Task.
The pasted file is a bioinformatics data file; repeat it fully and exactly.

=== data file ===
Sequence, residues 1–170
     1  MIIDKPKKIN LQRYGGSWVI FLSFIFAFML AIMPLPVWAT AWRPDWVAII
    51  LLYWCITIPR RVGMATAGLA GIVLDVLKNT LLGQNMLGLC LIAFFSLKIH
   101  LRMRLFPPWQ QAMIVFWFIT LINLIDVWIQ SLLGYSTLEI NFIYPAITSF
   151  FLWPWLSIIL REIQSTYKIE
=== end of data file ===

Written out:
Sequence, residues 1–170
     1  MIIDKPKKIN LQRYGGSWVI FLSFIFAFML AIMPLPVWAT AWRPDWVAII
    51  LLYWCITIPR RVGMATAGLA GIVLDVLKNT LLGQNMLGLC LIAFFSLKIH
   101  LRMRLFPPWQ QAMIVFWFIT LINLIDVWIQ SLLGYSTLEI NFIYPAITSF
   151  FLWPWLSIIL REIQSTYKIE